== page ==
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First Things on Stephen King

The February issue of First Things includes a retrospective by Ross Douthat: “Stephen King’s American Apocalypse”.

A thousand potboilers have been bought, devoured, discarded, and pulped in the thirty years since Carrie was published, and only King, out of all his million-selling peers, has managed to maneuver his way out of the mass-market ghetto and into a kind of quasi-respectability. You won’t find many critics eager to champion him, exactly, but there’s a sense that he needs to be at least grappled with, a courtesy that’s extended to few other members of the rich-hack club.

In part, King has pulled off this unlikely feat by his steady work as a genre writer, where the relative dimness of the competition makes his talents shine brighter than they otherwise would. Indeed, there’s a sense in which he invented the modern horror novel, doing for the form what Agatha Christie did for the murder mystery: taking a genre that was defined by the short story and pulling it off at novel length—not once or twice, a Dracula here and a Frankenstein there, but over and over again.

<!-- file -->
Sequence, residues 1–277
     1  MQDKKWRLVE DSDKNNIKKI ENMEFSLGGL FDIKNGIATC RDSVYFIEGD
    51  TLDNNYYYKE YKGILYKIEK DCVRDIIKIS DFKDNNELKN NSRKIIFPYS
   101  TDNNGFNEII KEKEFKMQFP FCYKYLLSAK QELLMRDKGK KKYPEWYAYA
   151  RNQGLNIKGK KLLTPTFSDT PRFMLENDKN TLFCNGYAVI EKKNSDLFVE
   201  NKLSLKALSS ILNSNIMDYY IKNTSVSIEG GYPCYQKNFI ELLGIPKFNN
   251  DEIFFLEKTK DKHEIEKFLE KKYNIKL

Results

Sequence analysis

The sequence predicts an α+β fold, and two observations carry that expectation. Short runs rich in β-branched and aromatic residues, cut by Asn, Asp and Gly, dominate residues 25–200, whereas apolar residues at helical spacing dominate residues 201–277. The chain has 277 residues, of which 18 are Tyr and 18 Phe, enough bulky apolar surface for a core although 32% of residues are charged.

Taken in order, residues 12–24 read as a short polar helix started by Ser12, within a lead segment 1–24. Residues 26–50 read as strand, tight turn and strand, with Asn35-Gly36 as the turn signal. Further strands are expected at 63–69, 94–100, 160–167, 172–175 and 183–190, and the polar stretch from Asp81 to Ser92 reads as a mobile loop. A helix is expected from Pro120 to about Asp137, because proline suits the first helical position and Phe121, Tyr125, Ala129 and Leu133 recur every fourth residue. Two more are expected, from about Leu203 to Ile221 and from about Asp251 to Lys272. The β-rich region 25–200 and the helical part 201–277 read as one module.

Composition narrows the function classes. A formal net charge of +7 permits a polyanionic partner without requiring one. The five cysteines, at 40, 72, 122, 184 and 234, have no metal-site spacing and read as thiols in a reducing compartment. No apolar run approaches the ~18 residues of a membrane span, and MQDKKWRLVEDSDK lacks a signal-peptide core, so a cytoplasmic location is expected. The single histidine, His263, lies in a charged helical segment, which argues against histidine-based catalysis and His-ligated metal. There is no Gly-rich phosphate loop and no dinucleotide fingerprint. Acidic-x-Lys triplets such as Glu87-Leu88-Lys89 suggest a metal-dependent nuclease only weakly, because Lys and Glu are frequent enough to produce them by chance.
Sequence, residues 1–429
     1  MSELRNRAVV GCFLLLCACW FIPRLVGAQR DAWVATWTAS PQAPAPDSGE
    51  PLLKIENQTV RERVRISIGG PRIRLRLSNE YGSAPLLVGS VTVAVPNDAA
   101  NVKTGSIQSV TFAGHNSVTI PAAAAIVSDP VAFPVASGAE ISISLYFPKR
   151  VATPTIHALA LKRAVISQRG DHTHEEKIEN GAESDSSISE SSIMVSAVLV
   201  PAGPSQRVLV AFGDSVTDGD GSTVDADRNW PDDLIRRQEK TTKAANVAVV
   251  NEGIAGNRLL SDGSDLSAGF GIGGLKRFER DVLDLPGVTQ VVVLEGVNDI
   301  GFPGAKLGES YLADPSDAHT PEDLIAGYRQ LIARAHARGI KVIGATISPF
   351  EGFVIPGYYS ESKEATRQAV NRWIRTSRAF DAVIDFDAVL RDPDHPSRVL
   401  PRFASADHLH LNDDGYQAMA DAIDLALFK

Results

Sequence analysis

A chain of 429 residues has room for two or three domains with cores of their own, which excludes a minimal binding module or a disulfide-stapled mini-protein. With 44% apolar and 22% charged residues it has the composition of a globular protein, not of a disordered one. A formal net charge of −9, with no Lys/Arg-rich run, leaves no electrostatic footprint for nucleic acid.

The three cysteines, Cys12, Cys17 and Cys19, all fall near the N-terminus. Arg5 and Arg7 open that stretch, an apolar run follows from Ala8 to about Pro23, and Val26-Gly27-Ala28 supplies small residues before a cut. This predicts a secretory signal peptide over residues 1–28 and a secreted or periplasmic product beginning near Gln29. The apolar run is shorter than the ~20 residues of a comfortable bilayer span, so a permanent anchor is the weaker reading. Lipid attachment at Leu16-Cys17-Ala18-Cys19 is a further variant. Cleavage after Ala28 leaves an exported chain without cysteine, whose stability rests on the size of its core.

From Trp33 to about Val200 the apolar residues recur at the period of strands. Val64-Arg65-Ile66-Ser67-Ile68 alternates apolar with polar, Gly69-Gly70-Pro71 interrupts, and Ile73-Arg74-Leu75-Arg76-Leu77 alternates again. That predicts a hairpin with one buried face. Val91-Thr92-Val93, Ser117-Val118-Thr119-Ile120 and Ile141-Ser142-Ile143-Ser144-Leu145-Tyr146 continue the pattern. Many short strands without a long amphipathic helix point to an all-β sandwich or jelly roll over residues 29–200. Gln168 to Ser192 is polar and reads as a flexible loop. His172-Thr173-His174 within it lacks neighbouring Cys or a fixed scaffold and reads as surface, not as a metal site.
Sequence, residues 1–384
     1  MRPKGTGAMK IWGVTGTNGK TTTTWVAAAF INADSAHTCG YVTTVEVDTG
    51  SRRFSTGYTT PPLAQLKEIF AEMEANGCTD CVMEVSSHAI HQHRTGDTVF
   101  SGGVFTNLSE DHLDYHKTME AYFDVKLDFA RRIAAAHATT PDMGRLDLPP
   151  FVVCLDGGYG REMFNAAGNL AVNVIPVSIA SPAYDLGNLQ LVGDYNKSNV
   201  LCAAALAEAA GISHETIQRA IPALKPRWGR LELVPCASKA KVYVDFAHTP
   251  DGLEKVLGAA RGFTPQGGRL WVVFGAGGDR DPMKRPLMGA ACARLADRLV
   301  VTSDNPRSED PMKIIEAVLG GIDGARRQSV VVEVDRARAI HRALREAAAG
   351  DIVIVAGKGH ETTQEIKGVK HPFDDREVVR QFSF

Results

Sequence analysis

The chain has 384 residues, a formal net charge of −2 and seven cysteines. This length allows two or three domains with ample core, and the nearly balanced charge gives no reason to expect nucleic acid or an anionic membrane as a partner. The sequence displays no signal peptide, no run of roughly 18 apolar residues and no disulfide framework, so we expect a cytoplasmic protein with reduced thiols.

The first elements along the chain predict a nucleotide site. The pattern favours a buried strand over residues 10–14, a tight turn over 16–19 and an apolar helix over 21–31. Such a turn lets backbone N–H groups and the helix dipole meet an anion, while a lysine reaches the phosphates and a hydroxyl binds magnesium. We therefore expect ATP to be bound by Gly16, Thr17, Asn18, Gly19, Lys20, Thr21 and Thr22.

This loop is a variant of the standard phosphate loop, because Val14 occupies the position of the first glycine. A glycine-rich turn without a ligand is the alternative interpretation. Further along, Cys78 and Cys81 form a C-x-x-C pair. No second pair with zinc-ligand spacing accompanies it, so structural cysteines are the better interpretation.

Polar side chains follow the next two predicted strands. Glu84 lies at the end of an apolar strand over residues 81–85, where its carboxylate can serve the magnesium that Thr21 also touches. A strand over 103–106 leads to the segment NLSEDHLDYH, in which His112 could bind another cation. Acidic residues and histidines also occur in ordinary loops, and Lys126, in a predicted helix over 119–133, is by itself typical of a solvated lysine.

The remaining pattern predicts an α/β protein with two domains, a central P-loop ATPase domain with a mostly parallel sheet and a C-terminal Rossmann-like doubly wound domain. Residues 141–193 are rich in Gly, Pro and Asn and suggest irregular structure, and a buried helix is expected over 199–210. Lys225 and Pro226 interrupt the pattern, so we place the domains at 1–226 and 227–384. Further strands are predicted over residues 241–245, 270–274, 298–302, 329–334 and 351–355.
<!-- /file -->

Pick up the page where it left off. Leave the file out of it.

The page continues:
The article is more convincing on King’s implicit theology than on his alleged desire for literary respectability:

King’s God isn’t a well-meaning weakling, holding our hands and hoping things turn out OK; rather, he’s so far above the various adversaries, from Tak to Randall Flagg, that the possibility of their winning passing victories concerns him not at all.